After a long delay, spot Bitcoin exchange-traded funds (ETFs) have arrived on the market. BlackRock’s IBIT is currently the fifth-largest ETF (among all ETFs) by inflows this year, and rival funds are not far behind. It remains to be seen whether this growth rate will keep pace and match the bullish forecasts from companies such as Standard Chartered Bank and Fidelity that set year-end ETF valuations as meteoric, but it remains to be seen whether Bitcoin ETFs will continue to grow. It’s clear that it’s here to stay.
The question is how Wall Street will approach this new-found method of gaining exposure to Bitcoin, and whether ordinary investors want a piece of the action.
“We believe Bitcoin has the potential to become one of the hottest brands on Wall Street over the next decade,” said Mike Willis, CEO and founder of ONEFUND. “You are at the beginning of the ‘Bitcoin era’ on Wall Street.” Willis declined to give a price prediction, but he believes Bitcoin could easily catch up to gold’s market cap. said.
This is an interesting prediction given ONEFUND’s strategy in launching its own Bitcoin ETF bundle. The independent index fund operator, best known for its $106 million INDEX ETF tracking the S&P 500, holds both Bitcoin and traditional stocks to appeal to risk-averse retail investors. The plan is to launch a number of “Cyber Hornet” funds that will
Most asset managers won’t advise clients to allocate more than 1% to 3% in cryptocurrencies, Willis said. But even that small recommendation can expose financial advisors to legal risk. “Hardcore Bitcoiners may be used to it, but 90% of Wall Street and traditional investors are the only ones not used to a 40% drop in one month.”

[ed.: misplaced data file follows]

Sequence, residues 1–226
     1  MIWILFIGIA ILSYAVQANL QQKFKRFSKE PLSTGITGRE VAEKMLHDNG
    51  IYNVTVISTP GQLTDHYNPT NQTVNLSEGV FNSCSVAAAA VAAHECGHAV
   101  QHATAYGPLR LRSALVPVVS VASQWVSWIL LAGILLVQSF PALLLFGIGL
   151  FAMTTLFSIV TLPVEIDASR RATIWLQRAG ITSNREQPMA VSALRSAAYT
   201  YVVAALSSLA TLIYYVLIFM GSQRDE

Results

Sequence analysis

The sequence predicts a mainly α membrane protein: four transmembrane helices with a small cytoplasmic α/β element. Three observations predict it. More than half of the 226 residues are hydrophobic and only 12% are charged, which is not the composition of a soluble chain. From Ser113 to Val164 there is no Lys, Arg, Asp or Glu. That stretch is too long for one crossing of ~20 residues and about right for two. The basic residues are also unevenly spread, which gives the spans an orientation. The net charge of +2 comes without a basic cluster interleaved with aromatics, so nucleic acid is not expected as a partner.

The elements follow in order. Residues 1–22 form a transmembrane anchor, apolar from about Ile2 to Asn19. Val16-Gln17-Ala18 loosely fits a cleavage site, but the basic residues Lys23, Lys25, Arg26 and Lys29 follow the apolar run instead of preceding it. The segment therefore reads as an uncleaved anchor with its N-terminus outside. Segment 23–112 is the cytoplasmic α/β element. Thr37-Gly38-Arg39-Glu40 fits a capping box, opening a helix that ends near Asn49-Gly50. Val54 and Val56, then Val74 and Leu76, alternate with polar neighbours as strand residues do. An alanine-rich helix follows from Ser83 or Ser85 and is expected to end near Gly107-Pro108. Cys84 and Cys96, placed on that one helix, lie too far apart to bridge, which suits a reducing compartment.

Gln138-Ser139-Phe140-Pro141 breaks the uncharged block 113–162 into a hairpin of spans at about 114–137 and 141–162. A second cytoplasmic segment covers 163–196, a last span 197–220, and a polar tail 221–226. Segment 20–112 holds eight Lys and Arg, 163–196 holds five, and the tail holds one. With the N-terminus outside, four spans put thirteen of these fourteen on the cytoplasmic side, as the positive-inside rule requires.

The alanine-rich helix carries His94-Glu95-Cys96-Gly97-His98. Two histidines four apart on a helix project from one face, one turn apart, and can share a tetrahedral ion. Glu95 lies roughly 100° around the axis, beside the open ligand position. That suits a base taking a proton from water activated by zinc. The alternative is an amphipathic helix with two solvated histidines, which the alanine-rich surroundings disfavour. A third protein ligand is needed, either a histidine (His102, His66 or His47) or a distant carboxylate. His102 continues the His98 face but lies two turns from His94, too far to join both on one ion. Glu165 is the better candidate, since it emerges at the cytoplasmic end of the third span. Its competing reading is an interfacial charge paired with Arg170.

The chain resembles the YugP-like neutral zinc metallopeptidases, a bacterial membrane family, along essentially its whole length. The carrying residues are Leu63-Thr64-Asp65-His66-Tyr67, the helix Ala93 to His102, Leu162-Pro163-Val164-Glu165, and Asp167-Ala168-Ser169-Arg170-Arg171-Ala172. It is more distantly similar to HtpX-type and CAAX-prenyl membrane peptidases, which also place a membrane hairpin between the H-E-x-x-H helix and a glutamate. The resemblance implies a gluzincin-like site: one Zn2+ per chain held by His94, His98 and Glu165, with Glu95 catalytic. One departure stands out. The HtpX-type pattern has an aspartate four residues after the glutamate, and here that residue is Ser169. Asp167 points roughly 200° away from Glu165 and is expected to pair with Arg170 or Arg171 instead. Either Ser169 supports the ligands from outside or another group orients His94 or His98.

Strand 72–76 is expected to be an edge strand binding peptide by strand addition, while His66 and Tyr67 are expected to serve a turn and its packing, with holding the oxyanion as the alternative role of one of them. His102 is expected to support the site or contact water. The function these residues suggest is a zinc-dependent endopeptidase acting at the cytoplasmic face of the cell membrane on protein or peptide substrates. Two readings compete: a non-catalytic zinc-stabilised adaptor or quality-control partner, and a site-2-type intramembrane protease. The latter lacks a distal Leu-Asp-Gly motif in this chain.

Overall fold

“If I’m down 40% for a client, they’re burning out my phone. If I’m down 50%, they’re out. If I’m down 60% or 70%, that’s a potential fiduciary.” “There is potential for personal liability and potential litigation. Advisers are aware of that,” said Willis, who co-founded ONEFUND in 2015 with Paine Weber and Smith Barney after previously working at UBS.
The ETF closest to launch, which received SEC approval under the ticker ZZZ, will allocate 75% of its capital to S&P and 25% to Bitcoin futures (with the option of holding spot Bitcoin, Willis said). Ta). The idea is to mitigate Bitcoin’s potential downside risk and significant volatility by investing in “Wall Street’s most widely held index strategy.”
Willis expects to see a number of hybrid funds spring up with strategies to protect Bitcoin’s downside “volume,” or volatility, perhaps using U.S. Treasuries and other lower-risk asset classes. Told. This is also a way for the fund to differentiate itself, given the intense competition after 11 spot Bitcoin ETFs were approved on the same day.
Like many people, Willis believes that a race to the bottom in management fees is one of the few ways companies can become less competitive. Some companies offer promotions, such as Bitwise waiving fees for the first six months or until the fund reaches a certain asset threshold. However, these marketing efforts are only effective for a limited period of time.